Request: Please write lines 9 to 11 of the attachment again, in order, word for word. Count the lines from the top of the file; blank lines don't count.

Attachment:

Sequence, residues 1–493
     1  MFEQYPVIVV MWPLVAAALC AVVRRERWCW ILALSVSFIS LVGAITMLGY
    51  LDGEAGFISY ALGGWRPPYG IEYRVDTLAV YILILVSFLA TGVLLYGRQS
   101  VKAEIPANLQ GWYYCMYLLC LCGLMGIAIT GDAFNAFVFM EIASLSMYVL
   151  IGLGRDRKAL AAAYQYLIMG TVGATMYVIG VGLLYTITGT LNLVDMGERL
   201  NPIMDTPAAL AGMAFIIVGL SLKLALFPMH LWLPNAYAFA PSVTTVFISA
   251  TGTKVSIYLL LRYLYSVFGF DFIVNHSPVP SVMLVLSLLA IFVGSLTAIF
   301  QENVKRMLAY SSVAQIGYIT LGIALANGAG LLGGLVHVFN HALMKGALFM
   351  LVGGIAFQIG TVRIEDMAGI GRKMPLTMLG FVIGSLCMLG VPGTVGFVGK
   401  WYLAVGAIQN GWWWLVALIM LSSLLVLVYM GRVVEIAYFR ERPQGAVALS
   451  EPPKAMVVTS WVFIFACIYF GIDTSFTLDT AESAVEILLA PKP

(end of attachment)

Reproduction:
   351  LVGGIAFQIG TVRIEDMAGI GRKMPLTMLG FVIGSLCMLG VPGTVGFVGK
   401  WYLAVGAIQN GWWWLVALIM LSSLLVLVYM GRVVEIAYFR ERPQGAVALS
   451  EPPKAMVVTS WVFIFACIYF GIDTSFTLDT AESAVEILLA PKP